Based on the best-selling memoirs of Jennifer Worth, Call the Midwife is a moving, intimate, funny and, above all, true-to-life look at the colorful stories of midwifery and families in East London in the 1950s. Don't miss the chance to watch full episodes as they originally aired in the UK.
Nearly five decades later, The Beatles are still captivating audiences everywhere and are considered the most influential musicians of all time, according to Rolling Stone. Along with their musical legacy, The Beatles left behind personal stories with those lucky people who were able to share a moment with these legends.
This powerful drama, which was an Official Selection at the Berlin International Film Festival and the Toronto International Film Festival, stars Academy Award-winner Juliette Binoche as a journalist whose existing notions and perceptions about her own sexuality are challenged when she begins investigating student prostitution for an article.
Sal Landau filmed Castro using a 16mm camera in a variety of settings, from military camps to a pickup baseball game to Castro's speech on the 15th anniversary of his attack on Fort Moncada which marked the beginning of the Revolution. Landau captured an unparalleled time into the relationship of the Cuban people with their popular leader, at a time when the country was being transformed internally while internationally vilified.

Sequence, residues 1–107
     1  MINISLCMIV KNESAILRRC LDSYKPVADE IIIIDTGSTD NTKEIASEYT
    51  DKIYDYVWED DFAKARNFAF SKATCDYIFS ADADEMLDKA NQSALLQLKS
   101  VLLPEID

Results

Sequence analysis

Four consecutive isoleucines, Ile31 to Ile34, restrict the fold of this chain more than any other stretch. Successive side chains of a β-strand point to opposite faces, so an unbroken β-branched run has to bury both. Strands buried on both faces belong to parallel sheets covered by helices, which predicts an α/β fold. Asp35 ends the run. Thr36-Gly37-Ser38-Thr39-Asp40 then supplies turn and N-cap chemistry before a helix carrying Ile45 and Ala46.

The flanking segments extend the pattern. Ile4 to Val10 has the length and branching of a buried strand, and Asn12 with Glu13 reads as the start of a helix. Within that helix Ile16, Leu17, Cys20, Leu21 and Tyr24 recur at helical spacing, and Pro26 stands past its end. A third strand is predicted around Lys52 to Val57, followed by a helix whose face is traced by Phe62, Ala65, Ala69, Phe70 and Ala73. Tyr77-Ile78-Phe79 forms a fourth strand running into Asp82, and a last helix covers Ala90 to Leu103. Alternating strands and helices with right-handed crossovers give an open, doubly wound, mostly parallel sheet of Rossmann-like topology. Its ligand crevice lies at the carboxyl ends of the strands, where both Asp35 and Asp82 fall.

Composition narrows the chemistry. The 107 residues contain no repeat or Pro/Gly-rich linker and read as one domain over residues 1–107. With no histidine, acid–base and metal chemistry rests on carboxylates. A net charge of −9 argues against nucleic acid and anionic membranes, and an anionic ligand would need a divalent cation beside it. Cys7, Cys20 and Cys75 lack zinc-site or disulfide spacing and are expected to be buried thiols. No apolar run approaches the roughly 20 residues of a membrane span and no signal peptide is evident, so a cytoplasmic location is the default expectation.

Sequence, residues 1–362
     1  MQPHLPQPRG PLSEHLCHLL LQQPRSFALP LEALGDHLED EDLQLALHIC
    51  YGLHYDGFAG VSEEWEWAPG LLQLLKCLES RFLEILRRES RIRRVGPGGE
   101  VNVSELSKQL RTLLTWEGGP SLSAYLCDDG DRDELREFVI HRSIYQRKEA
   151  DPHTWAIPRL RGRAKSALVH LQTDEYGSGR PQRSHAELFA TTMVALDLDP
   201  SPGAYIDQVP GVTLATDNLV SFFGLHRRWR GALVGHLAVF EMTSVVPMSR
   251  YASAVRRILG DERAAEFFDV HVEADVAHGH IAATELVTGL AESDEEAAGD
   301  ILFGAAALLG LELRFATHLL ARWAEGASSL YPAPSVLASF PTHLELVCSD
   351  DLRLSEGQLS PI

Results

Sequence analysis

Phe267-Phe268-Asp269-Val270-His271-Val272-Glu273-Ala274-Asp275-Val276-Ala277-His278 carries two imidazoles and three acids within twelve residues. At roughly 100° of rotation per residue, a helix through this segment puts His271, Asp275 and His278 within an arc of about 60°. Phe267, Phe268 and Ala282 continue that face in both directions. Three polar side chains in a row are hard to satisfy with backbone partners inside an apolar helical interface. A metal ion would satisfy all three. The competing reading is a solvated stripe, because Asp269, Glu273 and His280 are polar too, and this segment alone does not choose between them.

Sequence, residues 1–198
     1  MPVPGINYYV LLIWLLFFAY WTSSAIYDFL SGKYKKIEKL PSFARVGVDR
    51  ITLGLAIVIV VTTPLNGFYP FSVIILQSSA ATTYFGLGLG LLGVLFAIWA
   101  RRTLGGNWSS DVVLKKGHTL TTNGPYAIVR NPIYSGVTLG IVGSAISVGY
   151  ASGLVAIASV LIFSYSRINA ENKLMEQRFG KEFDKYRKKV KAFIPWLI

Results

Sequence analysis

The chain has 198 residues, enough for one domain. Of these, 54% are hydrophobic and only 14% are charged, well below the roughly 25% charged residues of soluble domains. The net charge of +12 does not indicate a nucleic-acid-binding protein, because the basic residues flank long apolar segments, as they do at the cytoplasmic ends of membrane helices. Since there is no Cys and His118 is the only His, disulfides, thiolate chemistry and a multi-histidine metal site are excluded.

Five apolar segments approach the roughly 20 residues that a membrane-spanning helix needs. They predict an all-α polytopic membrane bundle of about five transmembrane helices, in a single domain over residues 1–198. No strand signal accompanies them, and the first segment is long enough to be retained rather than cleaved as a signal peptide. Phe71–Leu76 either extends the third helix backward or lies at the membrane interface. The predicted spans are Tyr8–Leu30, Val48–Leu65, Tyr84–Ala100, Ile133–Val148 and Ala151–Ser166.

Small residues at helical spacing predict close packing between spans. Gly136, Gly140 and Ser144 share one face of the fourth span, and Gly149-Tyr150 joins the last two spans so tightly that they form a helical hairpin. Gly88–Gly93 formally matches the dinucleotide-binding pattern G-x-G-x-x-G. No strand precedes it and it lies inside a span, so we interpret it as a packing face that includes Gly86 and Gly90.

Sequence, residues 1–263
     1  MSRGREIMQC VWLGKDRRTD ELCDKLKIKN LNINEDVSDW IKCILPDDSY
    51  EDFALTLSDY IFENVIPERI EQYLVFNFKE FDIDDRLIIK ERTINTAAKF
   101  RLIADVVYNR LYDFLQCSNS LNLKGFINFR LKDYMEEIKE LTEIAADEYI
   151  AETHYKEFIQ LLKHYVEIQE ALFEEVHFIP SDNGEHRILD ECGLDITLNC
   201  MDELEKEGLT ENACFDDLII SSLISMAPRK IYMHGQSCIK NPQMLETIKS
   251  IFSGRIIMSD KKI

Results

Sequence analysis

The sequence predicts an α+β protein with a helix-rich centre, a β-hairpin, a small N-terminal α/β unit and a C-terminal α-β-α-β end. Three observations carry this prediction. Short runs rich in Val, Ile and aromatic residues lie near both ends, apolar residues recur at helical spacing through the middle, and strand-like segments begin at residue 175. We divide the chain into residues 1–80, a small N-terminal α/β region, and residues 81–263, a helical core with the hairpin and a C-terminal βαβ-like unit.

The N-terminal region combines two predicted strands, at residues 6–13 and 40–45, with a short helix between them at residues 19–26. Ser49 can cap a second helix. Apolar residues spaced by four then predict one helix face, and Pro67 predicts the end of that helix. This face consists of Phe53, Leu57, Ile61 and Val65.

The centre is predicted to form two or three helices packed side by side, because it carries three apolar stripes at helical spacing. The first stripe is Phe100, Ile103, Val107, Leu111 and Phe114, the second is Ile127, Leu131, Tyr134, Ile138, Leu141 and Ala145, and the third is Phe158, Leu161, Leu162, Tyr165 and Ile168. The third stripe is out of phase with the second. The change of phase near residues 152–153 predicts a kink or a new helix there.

When two friends take a road trip to the desert in search of meteorites they end up with more than they bargained for and something far more valuable. Consequently, they soon learn that what you find in the desert may not be yours. Written, directed and produced by Jeremiah Gurzi and shot on 16mm Eastman Kodak motion picture film stock with anamorphic prime lenses.
An in-depth dissection of the corporate takeover of the world's food supply and the resulting increases in hunger and poverty. The film explains how the World Food Program revealed in 2010 that more than 1 billion people worldwide are hungry due to increased food prices. The World Hunger Organization calculates that 30 million people starve to death every year - the majority of them being children - and that 90% of their countries are net exporters of food to wealthy nations.